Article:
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An Amazing Display of Technicality - 94%

phibzy, October 5th, 2010

As I was getting more and more into different genres of metal, there was one band's name that kept popping up quite often when indulging myself in the history of various bands. Eventually as some time passed, I managed to get to listen to their latest album: Traced in Air. Immediately I was swept away by how different this sounded. The main thing that really hit me were Paul's vocoder vocals, which left me puzzled after listening to a few songs, even to the point of me stopping to listen to the album altogether. However, the release somehow managed to grow on me, and I began to get over Paul's vocals and realise that they were actually part of the "atmosphere" of the music.

Anyhow, after listening to Traced in Air, I wanted to listen to the album that was so talked about amongst the metal community, their debut album Focus. Because I was used to the elements displayed in Traced in AIr, I was able to properly indulge myself into this music, and what can I say, this album is one of the best that I have heard in my life.

The vocals in this album are simply excellent, because it comprises of a trade off between the soothing vocoder vocals and some light death growls. The good thing about the growls (which some people seem to not like) is the fact that they are not overly guttural and loud, which prevents it from completely obliterating the illusion of adventure that is felt while listening to this album. The vocoder vocals are simply amazing and really calm me down everytime I give this album a listen, which is a slight change from most forms of metal.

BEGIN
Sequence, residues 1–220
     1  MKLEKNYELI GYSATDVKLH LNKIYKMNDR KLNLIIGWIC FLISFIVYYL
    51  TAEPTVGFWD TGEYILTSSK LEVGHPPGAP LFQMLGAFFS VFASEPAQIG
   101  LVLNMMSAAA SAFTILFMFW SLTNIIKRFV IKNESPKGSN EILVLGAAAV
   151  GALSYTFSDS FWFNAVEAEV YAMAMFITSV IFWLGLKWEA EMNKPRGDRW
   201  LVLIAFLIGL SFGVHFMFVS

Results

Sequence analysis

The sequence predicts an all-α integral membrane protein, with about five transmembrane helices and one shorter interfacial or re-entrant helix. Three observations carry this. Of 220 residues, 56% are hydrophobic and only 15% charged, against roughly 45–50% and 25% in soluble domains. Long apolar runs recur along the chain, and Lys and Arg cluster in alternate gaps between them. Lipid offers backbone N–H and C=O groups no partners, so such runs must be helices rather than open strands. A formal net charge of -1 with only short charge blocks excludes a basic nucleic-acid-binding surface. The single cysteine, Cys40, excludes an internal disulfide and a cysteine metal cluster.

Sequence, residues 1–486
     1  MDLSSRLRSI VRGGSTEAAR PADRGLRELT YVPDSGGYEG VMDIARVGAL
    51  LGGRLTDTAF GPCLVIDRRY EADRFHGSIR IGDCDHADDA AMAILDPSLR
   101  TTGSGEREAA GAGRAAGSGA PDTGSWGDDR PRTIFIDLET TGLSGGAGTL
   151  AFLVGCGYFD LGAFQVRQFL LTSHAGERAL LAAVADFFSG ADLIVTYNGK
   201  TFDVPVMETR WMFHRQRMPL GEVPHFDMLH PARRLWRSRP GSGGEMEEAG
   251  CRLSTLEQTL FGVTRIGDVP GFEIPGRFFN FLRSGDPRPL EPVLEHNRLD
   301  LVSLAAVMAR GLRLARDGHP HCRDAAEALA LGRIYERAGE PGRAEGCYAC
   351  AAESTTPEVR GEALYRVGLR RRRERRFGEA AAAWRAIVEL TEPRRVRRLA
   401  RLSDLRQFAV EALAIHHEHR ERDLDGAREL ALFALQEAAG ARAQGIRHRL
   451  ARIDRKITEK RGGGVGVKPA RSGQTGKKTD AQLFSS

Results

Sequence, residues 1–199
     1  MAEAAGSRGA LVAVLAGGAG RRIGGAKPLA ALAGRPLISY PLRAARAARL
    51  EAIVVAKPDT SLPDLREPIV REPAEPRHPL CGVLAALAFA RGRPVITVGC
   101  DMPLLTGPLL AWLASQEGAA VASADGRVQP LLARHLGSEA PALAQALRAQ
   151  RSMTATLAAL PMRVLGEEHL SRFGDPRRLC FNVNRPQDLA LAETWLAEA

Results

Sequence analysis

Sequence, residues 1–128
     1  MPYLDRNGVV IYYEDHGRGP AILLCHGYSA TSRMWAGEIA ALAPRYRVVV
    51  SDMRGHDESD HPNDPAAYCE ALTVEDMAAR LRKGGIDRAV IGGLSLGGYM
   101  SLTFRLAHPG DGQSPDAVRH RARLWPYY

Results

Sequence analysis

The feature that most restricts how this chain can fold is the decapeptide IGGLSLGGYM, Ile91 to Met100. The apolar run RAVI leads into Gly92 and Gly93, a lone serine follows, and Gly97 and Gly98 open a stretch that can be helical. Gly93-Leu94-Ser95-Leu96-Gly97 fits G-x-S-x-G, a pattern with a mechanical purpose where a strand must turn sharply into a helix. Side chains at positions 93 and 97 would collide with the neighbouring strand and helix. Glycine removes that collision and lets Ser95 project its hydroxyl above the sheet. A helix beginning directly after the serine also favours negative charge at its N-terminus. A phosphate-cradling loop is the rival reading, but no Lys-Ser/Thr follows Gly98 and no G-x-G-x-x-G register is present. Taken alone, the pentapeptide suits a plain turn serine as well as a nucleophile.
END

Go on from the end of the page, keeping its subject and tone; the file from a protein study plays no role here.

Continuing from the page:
The guitarwork on this album is of real high quality, with the majority of the two lead guitar parts being completely separate from each other. Instead of the usual boring arrangement of a lead guitar and a very dull rhythm guitar backing it, the two guitarists really explore their own individuality within their guitar parts, with them both usually playing completely different leads to each other.

The bass playing on this album really stands out from other bands. The band have, on this album, purposely put the bass higher into the musical mix, which again adds to this sense of atmosphere created by all the other parts. The playing is extremely well done by Sean Malone, showcasing his ability to play such complex lines of music, and in some sections even outdoing the guitars with his playing.

And now the drums. What can I say, Sean Reinert is just "god like" behind the drum kit. His fill-style of drum playing really lays down a great blueprint for the rest of the music, as it fits in perfectly and really drives the musical atmosphere forward, as well as avoiding to overdo the playing and destroying the music. The fact that this guy pulls off his drumming abilities live with ease is also mind-blowing.

In conclusion, this album to me is really as good as it has been hyped up to be. Although it may take some time to get over the "robotic" vocals, after a couple of listens you will begin to find it a lot easier to listen and eventually be able to indulge yourself in the wonderful diversity of sound that is explored throughout this album.